Chirk Castle isn’t your ordinary Welsh castle.
In the late 13th Century Edward I started building many castles in North Wales to consolidate his conquest. Today most of them are empty shells, where you have to use your imagination to conjure up the furniture and people that once filled the walls.
But not Chirk. Chirk Castle is the only one of Edward I’s Marcher fortresses still inhabited today. And guess what? It’s open to the public! It’s full of treasures and well worthy of a visit.
(Before you continue reading, if visiting new historical sites in Wales is your thing, then why not learn more about my new Welsh history travel guide here)
Chirk Castle – History
The castle was first built in 1295 by Roger Mortimer (1256-1326), who was at that time captain of the English army. He was also uncle to THAT Roger Mortimer – rumoured lover of Queen Isabella, wife of Edward II.
It was part of an important chain of fortresses on the English-Welsh border. It was so important that Edward I himself paid a visit during its construction.
Chirk passed to the crown after Mortimer’s eventual execution and saw a succession of occupants. One of them was Sir William Stanley, step-uncle to Henry VII, and another was Elizabeth I’s favourite Robert Dudley.
Chirk Castle – People
The main family associated with Chirk Castle is the Myddleton family.
The castle was bought by Sir Thomas Myddleton in 1593. A younger son done good, Myddleton was one of the founding members of the East India Company and became Lord Mayor of London in 1613. Basically, he was rolling in it! (Fun fact – Londoners also have Thomas’s brother, Hugh, to thank for their water supply!)
It was Thomas that started the transformation of Chirk Castle from a military fortress to a comfortable mansion, remodelling it extensively in the late 16th century.
Thomas’s son – who was naturally also called Thomas – fortified Chirk for Parliament in the Civil War. However, the castle was seized by local Royalists. This meant Thomas Jr. was forced to lay seige to his own house!
Thomas Jr. then changed sides later on in the war. This meant Chirk Castle ended up being beseiged by Parliamentarians for a second time, and Thomas was left with a bit of rebuilding to do after the war.
Chirk Castle – Features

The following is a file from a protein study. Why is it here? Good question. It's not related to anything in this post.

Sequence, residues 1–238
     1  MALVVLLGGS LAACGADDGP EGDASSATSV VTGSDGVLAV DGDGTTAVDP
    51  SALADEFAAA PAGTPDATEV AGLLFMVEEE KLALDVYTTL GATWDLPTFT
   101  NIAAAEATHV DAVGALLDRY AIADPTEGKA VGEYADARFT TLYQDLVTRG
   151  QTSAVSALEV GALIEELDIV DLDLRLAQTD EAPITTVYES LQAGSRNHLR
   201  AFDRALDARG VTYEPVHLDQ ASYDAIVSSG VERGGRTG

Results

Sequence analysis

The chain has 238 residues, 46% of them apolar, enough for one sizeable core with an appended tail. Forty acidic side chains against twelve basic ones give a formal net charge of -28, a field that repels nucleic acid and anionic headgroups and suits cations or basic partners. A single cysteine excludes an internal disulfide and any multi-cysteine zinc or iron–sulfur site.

While not particularly historical significant the Saloon is a simply stunning room.
Like elsewhere in the castle the style is a curious mix of neoclassic and neo-Gothic. The deep blue and gilded ceiling was added by A.W. Pugin (yes, he of Westminster Palace fame) and is simply breathtaking.
Also of note is the oak and walnut harpsichord. It is the earliest signed and dated harpsichord in existence which is mind-blowing!
The Long Gallery
The Long Gallery is 30 metres long and fills the whole length of the East Range. It was rebuilt in the 1670s when long galleries were no longer in fashion, simply because there was nothing else to be done in that part of the castle!
One of the key items in the room is the 17th Century Dutch ebony cabinet which was a gift from Charles II to Sir Thomas Myddleton III.
Chirk Castle – Top Tips
- Make sure you leave enough time to visit the gardens and grounds. Yes, most historic houses have them – but Chirk’s are particularly lovely.
- Don’t forget to have a look at what may seem like ‘minor’ rooms around the edge of the courtyard – you won’t find the usual washing room or brewery, but you will find some deep, dark dungeons!
All in all, I think Chirk Castle is a pretty underrated Welsh castle. It has just a long a history as Caernarfon or Raglan Castle, but its full of treasure and you could easily spend a whole day exploring the castle and its grounds.
Be honest now – have you ever heard of Chirk Castle before? And has my post tempted you to visit it?
If you enjoyed this post you might like my posts about other historical attractions to visit. Or why not check out my new Welsh history travel guide?